Three Identical Strangers (2018)
Tim Wardle’s “Three Identical Strangers” is a documentary about an incredible true story of three identical brothers (David, Eddie and Robert) who were separated shortly after birth and who then get to know each other for the first time at the age of nineteen through an incredible reunion. However, the documentary is also about much more than this. The incredible reunion of the triplets is just part of the story’s package to amaze. As we see further, after the triplets’ reunion, the documentary delves into the nature/nurture debate, uncovers the previous troubled lives of the separated triplets, and then, finally, presents one shocking revelation. In that vein, the documentary first amazes its viewers, leaving an unforgettable impression, and then profoundly shocks, raising an outrage inside every viewer who has a heart.
I will probably be biased when reviewing this documentary because I have a twin brother myself and feel strongly about the issues discussed. The great thing about this documentary is that there are both happy, positive aspects to it and negative, sad aspects, with both given equal weight. “If I tell someone my story, they do not believe [me]…and I guess I would not have believed it myself”, starts Robert, one of the twins, in the film’s beginning. Now Robert is fifty-six years old and he recalls the time that he first found out about his identical twin at the age of nineteen. He arrived at the Sullivan County Community College campus for the first time without knowing anyone there, only to be greeted by everyone as though he was their old friend, with slaps on his back, cheers and much enthusiasm. The documentary puts us in the shoes of Robert as he is mistaken for Eddie during his first day at college, and the incredulity of the events to follow just defies the imagination. We really get the sense of the amazement and excitement transmitted when one twin hears the news of another for the first time. If the twins’ reunion was a regional sensational, then the discovery of another triplet rocketed this news to national level. The saying that truth is stranger than fiction is given the whole new different meaning in this documentary. For the first twenty minutes of this documentary, you cannot help but grin throughout – it is both so exciting and bewildering to see the triplets reunited, becoming “famous”, featuring on many TV talk shows, launching their own restaurant in Manhattan called “Triplets” and even being in Madonna’s film. The brothers also discovered upon their reunion that they had many interests and preferences in common, and were virtually best friends from the moment that they had laid eyes on each other.
The second part of the documentary is where real life begins. We find out that triplets suffered depression when they were growing up separately from each other and had troubled teenage years. It is all well to bathe in happiness and awe when reunited at the age of nineteen, but that also means that, for nineteen years, the brothers have been separated from each other, and their adoptive families did not even know of each other’s existence. The loss of brotherhood and one-of-a-kind friendship during that time is irreplaceable. The fact that the brothers were separated at six months of age means that they have been aware of each others’ presence and were traumatised even at that age when that bond was broken. An identical brother or sister is the closest person one could get in the world since it is almost a part of oneself, someone who can understand one better than anyone else in the world. Thus, to see that these brothers were cheated out of their birthright to have brothers is very sad and profoundly tragic.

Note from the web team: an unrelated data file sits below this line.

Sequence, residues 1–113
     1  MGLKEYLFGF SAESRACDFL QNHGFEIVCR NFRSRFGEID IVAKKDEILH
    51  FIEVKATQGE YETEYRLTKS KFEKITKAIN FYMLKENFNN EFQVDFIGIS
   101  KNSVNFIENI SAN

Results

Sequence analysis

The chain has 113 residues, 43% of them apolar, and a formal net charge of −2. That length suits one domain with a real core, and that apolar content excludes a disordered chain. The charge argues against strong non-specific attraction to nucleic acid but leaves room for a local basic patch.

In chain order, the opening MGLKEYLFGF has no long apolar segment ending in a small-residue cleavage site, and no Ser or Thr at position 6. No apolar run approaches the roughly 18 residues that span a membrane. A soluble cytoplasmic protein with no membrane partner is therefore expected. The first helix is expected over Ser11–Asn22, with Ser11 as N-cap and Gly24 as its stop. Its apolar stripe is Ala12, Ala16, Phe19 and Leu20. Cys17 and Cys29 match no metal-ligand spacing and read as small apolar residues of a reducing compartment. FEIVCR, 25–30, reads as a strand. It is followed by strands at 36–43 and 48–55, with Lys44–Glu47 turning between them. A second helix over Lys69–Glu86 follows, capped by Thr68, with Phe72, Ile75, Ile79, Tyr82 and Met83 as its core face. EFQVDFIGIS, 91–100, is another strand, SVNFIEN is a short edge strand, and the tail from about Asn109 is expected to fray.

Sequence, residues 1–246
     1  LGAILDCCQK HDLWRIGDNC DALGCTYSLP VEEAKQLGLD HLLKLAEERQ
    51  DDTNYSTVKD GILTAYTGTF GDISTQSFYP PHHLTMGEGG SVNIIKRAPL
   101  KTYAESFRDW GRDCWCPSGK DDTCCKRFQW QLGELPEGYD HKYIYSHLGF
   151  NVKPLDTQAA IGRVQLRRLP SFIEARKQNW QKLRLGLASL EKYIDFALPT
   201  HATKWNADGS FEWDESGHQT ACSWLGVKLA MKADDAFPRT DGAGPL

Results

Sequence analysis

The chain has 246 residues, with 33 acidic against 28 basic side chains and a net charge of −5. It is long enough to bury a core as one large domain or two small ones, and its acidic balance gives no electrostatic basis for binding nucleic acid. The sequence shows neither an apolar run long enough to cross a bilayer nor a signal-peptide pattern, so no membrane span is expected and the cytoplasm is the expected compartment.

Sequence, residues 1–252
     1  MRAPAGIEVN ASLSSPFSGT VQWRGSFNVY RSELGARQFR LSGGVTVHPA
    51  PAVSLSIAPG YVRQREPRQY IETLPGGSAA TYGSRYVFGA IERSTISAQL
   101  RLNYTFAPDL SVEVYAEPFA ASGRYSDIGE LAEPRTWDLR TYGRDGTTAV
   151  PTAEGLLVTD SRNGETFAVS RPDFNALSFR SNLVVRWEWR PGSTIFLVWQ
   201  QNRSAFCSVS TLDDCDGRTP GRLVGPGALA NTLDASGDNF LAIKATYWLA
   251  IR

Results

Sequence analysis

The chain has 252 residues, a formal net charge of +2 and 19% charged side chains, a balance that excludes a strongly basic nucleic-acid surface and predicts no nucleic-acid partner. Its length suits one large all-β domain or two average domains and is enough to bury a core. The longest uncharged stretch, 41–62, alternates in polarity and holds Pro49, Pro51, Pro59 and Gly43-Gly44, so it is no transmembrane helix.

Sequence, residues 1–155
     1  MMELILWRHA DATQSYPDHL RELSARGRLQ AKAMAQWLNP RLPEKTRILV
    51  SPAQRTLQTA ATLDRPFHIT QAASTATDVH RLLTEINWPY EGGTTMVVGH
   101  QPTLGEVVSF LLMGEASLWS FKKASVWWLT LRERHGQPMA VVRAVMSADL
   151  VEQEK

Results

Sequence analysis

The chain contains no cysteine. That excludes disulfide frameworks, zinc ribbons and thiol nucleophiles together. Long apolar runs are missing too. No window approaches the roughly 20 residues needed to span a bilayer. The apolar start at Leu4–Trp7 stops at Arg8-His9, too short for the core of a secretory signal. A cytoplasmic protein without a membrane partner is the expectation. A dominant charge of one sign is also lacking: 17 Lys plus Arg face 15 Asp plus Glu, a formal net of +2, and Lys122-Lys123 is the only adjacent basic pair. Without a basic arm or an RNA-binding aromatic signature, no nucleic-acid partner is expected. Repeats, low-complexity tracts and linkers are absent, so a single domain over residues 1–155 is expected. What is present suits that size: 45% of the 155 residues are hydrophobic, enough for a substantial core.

If, after the reunion, the trio of brothers set for Manhattan to rejoice in their newly-found brotherhood and make some money, their respective adoptive families were far from happy at the news of rediscovered brothers. The members of the brothers’ families wanted to demand the answers from the Louise Wise Services adoption agency, which was responsible for the brothers’ placements nineteen years ago. The families wanted to know why the brothers were separated and why neither of the family was told about the existence of the other two families. In that vein, if the documentary started on a personal note, it takes a darker turn near the end when broader societal and organisational issues are discussed, and strange ethical principles and the state of psychology in the 1960s all become prime suspects in the inhumane “crime” committed against the brothers and their adoptive families. It becomes hard to justify anything that the now defunct Louise Wise Services adoption agency did so many years ago and the secrecy surrounding the adoption of the brothers makes the whole case even more mysterious. Through one journalist, we get to know that nothing was as coincidental as it first seemed in the lives of three brothers who were placed in blue-collar, middle class and upper class families respectively, and who, incidentally, had one other child in each respective family – a girl of a particular age.
Powerful, emotional and simply unforgettable, “Three Identical Strangers” strikes a right balance between happiness and sorrow, and judgement and understanding as it unveils this fantastical reality story though the interviews with two brothers, their extended families, as well as with media and institute professionals. The documentary is well paced and intriguing, but the most incredible aspect of it is probably still that the story it tells is true; easily, one of the best documentaries I have seen in a long time.